Here are three tips to inspire you to keep practicing during the pandemic. These are tough times, so you need to make this as easy as possible!
- Treat daily music practice as self-care: With all the stress and uncertainty of pandemic life, we all need to be practicing more self care. Yes, this includes drinking enough water and getting enough sleep, but why not treat your daily practice as a form of self care too? Spending time every day singing, playing piano and just making music is a great way to invite structure and creativity into you day and will help to feed your mind, body and soul.
Make sure your practice space is cozy and inviting. Nice lighting adds a comfortable feel (get a decent lamp with a soft white lightbulb!), get a good quality chair or stool and fill your space with candles and inspirational quotes. While you’re at it, make sure you give yourself some private and distraction free time. Log out of your social media accounts, turn off your phone and hang the “Do Not Disturb” sign on your door. (Time to let your kids have some screen time!). This is YOUR TIME to center yourself into creativity, even if it’s only for a short time.
2. Get organized: How many of us have desks and studios that are in rough shape? Messes, piles of paper and a lack of proper materials will derail your practicing. Take an hour or two and get your space in shape! Put all of your music in a folder or binder, putting the most recent material up front. Make sure you have your recording device, speakers, metronome, notebook and several pencils and pens handy so that when you sit down to work, you have everything you need.
- Put all of your music in a folder or binder so it’s all in one place when you need it.
- Make sure you have your recording device, speakers/headphones, metronome, notebook and pencils handy so that when you sit down you’re ready to go!
- Declutter anything from your practice space that you don’t need – household items like bills and paperwork and anything else that will distract you from practicing (Whose socks are these???)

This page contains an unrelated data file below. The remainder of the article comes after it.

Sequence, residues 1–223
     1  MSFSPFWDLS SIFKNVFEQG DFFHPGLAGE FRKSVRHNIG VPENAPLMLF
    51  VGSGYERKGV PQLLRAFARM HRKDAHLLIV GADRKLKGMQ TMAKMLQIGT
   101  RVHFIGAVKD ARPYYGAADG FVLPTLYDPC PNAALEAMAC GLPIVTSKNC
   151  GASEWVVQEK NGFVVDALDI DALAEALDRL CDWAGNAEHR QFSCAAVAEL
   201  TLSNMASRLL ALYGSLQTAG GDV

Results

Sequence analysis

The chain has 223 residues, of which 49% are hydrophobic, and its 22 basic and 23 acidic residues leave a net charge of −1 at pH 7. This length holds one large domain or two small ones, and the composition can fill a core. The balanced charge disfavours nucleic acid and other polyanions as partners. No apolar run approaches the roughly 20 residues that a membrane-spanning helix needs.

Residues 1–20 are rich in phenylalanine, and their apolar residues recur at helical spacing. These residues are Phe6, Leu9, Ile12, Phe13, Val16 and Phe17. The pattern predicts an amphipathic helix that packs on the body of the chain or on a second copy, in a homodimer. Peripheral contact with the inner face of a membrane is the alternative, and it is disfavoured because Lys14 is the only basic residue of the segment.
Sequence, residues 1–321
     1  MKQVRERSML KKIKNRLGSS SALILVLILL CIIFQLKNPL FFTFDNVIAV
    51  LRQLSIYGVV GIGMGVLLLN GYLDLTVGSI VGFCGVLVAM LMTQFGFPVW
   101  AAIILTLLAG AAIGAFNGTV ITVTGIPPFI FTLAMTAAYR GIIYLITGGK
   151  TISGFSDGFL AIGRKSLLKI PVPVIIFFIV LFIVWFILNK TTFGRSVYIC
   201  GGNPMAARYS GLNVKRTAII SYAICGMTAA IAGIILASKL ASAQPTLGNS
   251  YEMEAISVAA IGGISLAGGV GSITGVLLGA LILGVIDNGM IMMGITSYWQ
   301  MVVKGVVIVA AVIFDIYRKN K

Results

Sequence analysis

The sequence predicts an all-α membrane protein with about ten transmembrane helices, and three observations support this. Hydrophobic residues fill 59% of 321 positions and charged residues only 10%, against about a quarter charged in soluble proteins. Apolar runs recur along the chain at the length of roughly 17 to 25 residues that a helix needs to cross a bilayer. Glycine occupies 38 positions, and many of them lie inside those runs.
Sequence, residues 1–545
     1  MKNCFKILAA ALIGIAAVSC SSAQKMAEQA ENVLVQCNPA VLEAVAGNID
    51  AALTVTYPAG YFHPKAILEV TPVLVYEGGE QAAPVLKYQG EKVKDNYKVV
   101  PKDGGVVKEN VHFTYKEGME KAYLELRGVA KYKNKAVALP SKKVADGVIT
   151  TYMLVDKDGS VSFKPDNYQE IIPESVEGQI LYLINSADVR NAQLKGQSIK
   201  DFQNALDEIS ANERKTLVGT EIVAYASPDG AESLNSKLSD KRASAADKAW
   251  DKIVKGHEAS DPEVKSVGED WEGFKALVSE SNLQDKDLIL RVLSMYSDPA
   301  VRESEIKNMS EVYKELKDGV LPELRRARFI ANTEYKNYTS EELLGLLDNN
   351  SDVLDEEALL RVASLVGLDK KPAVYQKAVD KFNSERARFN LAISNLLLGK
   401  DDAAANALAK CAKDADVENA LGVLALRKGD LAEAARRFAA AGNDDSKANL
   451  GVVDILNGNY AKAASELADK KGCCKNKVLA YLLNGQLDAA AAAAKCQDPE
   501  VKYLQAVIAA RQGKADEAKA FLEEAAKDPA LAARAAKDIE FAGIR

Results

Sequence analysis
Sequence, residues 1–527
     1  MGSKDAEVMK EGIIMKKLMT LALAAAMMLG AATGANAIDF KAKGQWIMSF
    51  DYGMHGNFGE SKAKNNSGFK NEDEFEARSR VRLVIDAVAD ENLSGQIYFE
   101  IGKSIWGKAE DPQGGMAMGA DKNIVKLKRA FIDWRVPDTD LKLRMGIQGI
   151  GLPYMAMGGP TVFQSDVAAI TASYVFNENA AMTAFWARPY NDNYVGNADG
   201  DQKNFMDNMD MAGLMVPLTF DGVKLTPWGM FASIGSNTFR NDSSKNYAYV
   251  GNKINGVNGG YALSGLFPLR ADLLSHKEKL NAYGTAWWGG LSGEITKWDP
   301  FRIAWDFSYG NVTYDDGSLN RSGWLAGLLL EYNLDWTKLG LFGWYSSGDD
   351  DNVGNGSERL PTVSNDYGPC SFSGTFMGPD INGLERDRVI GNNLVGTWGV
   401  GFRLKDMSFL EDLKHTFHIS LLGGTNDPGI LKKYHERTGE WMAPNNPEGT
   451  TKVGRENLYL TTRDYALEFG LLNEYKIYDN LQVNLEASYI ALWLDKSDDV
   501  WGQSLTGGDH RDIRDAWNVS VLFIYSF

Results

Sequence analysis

- Get rid of anything that is visually busy or otherwise distracting to your creative flow. If there are small repairs that you need to make, or loose ends that need to be tied, take a couple of hours and just DO IT (We both know that your metronome has needed batteries for a while, so…)
3. Create projects and goals to work toward. It can be really hard to practice efficiently when we no longer have rehearsals, auditions and performances to be working towards. Now is a great time to find creative solutions to those external goals. Create new goals to help you stay on track and get motivated. Here are a few ideas:
- Do a deep dive of the work of a favorite singer or composer. This is a great time to choose repertoire that differs from your usual work or “type”
- Film yourself practicing once a week on social media to let your friends and fans know what you’re up to
- Host a Zoom concert for your family or friends
- Get together (over Zoom) with fellow musicians to share your work and do a feedback circle
- Take an online course to help you build new skills
- Create playlists of your “desert island” songs and learn them one by one (This is what I’m doing as part of my #RandomSongsILike project!)
Want to check out some more practice tips?
Check out this blog post by my friend Valerie Day, who interviewed 5 singers and asked for their practice tips. (Guess who is one of them? 🙂
How to establish a practice routine